Not only did he steal a Round 3 showing from Kolohe’s hands, he’s seemingly swiped Kolohe’s highlighter wrap-arounds for the post-heat interview too.

Put out your offerings for Pritamo

Do you recall 2013, the last time that the CT stopped over in Bali at what was the home of high performance surfing? More importantly, do you recall the perfect heat awarded to Parko for a pair of tubes that would’ve been lucky to receive an excellent score award by today’s standards?

We’ve spoken about it before, but the judging shift is more noticeable than ever at Keramas. When you imagine six to eight-foot Keramas, single digit heat totals aren’t typically the first thought that pops to mind. 

Even a hammer of this magnitude won’t award you much more than a 5.0 while Pritamo’s on guard. Photo. WSL/Cestari

It might make for less enticing story titles and sterile scoreboards, but damn does appropriately judging – or even underscoring – waves lead to a better competitive environment in the long run. 

Despite behaviourism being dead, operant conditioning still works, and if you condition these surfers long enough, one day they’ll learn non-progressive moves won’t snatch them excellent rides.

If only B.F. Skinner was on the judging panel…

Onshores and airs aren’t always intertwined

Yesterday, hopes of an all-day event were literally blown away. Unfortunately, today’s comp suffered the same blustery, wind-filled fate.  

Onshores aren’t ideal to the layman, but to those that are punt-happy and capable, onshores often provide the ramp and cushion necessary to throw caution to the literal wind.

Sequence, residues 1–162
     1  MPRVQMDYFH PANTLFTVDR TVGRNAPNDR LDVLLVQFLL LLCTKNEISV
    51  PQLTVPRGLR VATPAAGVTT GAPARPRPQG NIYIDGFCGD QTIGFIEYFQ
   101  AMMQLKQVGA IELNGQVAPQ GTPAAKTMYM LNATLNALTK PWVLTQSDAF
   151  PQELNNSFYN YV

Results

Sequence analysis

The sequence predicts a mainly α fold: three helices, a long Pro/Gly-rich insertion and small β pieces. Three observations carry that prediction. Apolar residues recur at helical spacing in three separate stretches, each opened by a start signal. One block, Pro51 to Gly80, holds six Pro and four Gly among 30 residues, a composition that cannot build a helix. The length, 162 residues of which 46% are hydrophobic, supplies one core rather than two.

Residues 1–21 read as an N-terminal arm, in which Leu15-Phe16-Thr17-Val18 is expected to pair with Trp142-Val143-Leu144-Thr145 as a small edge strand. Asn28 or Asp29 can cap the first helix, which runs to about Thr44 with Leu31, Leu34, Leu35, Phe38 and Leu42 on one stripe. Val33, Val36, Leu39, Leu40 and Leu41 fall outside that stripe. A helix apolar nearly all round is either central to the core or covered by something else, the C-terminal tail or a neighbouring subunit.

This was far from the case at Keramas this afternoon though and it wasn’t the fault of the surfers either. The conditions between Heats 3 and 5 deteriorated faster than hopes of a sober night in Kuta and there was little to launch off even for those who are aerially inclined.  

The WSL seemingly missed a snap of Filipe’s grab-rail twirl, so this Asing spinner will have to suffice for today’s aerial dose. Photo. WSL/Cestari

Thankfully, Kieren Perrow had the foresight and empathy to call it a day at the rivermouth and save us all from witnessing a sloppy afternoon filled with snaps, transition cutbacks and the odd end-section floater. It’s not as if we would’ve seen the likes of Matty Wilko and Joan Duru going jump for jump in their Round 2 heat anyway.

The remainder of the forecast is noticeably smaller, which should result in a more recognisable playpark Keramas; the winds however, are dicey, so prepare yourself for many more half-day viewings at the Corona Bali Protected – competitive surfing’s best consumed in small doses anyway.

Corona Bali Protected Men’s Round 1 Results: 
Heat 12: Adriano de Souza (BRA) 15.50, Sebastian Zietz (HAW) 8.67, Yago Dora (BRA) 2.17

Corona Bali Protected Men’s Round 2 Results:
Heat 1: Filipe Toledo (BRA) 12.77 def. Oney Anwar (IDN) 11.00
Heat 2: Italo Ferreira (BRA) 11.84 def. Barron Mamiya (HAW) 11.14
Heat 3: Mikey Wright (AUS) 14.17 def. Kolohe Andino (USA) 7.83 
Heat 4: Adrian Buchan (AUS) 9.90 vs. Miguel Pupo (BRA) 8.76
Heat 5: Michael February (ZAF) 9.56 def. Wade Carmichael (AUS) 6.73
Heat 6: Keanu Asing (HAW) 8.47 def. Sebastian Zietz (HAW) 8.00 

Upcoming Corona Bali Protected Men’s Round 2 Matchups:
Heat 7: Frederico Morais (PRT) vs. Ian Gouveia (BRA)
Heat 8: Matt Wilkinson (AUS) vs. Joan Duru (FRA)
Heat 9: Kanoa Igarashi (JPN) vs. Jesse Mendes (BRA)
Heat 10: Ezekiel Lau (HAW) vs. Patrick Gudauskas (USA)
Heat 11: Michael Rodrigues (BRA) vs. Yago Dora (BRA)
Heat 12: Tomas Hermes (BRA) vs. Connor O’Leary (AUS)

Corona Bali Protected Women’s Pro Round 1 Matchups:
Heat 1: Tyler Wright (AUS), Johanne Defay (FRA), Coco Ho (HAW)
Heat 2: Tatiana Weston-Webb (HAW), Caroline Marks (USA), Bronte Macaulay (AUS)
Heat 3: Stephanie Gilmore (AUS), Sage Erickson (USA), Carol Henrique (PRT)
Heat 4: Lakey Peterson (USA), Keely Andrew (AUS), Paige Hareb (NZL)
Heat 5: Carissa Moore (HAW), Silvana Lima (BRA), Courtney Conlogue (USA)
Heat 6: Nikki Van Dijk (AUS), Sally Fitzgibbons (AUS), Malia Manuel (HAW)